Life Extension said...

Joanne - Thanks for your feedback!

Anonymous said...

I had a 9 or 10 year decline in cognitive function, my MD specializes in hard to diagnose disorders and after ruling out all, including heavy metals, he told me he thought I had dementia and should get more testing to find out "what we got" I was shocked to find that I could not draw a clock (age 53) I had progressive aphasia, problems stumbling and grasping things, "wound up" in late afternoon and needed Seroquel , severe insomnia, non command friendly hallucinations, trouble driving and finding places, lapse of time, I could look at something and not see it, or would interpret it incorrectly, and could recall only 2 of 3 items. I attended a really weird seminar, called Qinway "furnace". Its a type of medical Qigong. According to my journal, less then 2 months of practice (I estimate very roughly that I could follow the program 60% at the first few weeks) the majority of symptoms were cleared and within 4 months 90% of symptoms were resolved. That was approx. 2 years ago. I still have some spatial problems, but am functioning very well. For years I used to occasionally feel a little fluish and run a low grade temp. I have degenerative arthritis . I wonder if my problems were caused by this bug. I hope to someday teach others to see if they can also experience such great results. (coconut oil helped some , not sure that years of supplements helped)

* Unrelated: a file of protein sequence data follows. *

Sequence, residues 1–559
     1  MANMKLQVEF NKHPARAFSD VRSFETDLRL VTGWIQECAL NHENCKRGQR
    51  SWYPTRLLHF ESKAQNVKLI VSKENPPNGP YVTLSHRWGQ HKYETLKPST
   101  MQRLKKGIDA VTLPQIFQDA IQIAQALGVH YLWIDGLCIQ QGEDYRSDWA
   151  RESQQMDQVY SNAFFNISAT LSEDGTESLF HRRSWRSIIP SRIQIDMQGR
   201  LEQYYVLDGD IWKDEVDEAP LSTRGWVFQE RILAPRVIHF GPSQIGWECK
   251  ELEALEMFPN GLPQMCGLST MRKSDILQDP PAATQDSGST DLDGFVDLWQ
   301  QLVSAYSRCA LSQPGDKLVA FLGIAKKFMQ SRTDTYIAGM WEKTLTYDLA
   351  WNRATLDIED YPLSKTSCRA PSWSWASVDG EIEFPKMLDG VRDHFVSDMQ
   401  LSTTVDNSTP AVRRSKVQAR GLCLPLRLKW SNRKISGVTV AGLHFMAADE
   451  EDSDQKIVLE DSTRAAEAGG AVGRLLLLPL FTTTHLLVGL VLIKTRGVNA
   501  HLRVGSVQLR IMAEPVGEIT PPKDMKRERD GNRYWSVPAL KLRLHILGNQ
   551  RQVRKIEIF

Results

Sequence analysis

Life Extension said...

Ann - Thanks for sharing your experience! We're certainly glad you're doing better. You may want to look at the following link for nutritional suggestions. They may be of help to you:

Unknown said...

I am struggling with 10 years of being ill and dx with lyme disease in 2009 when I finally moved from michigan to Maryland. I have had over three years of antibiotics and taking supplements, medications and herb tinctures and following a strict diet. I'm very concerned about my cognitive functioning, ( word finding, confusion, forgetfulness,severe anxiety, trouble driving and misinterpreting what people say and behaving like I am bi-polar or have dementia.) it really scares me. I've been to my doctor and he is a wonderful lyme literate doctor, but...I'm not sure what to do now. I'm taking stephania root, and other herbs for my cog. functioning but I seem to be making extremely slow process. I will try the coconut there anything else anyone can recommend?

Anonymous said...

Laminine has helped my husband's lyme issues.

Teresa said...

My husband has been diagnosed with AD. He is probably in stage 6 now. I would like to have him checked for Borrelia burgdorferi. I have read it is sometimes difficult to diagnose. Can you recommend a test and a physician who has the expertise to make a correct diagnosis?

Anonymous said...

Readers might be interested to view the video of the recent presentation by Dr Alan MacDonald at the launch of the Spirochaetal Alzheimer's Association in London.

Elena Cook

Life Extension said...

Anonymous - Thanks for the link!

James Franklin said...

This is a nice post. My grand father also affected by Alzheimer's disease. After taking Alzheimer's treatment , his condition is improved.

James Franklin said...

Alzheimer's is a very common disease. The symptoms of this disease is memory loss, communication problem, problems in learning and judgement. Best alzheimer's reatment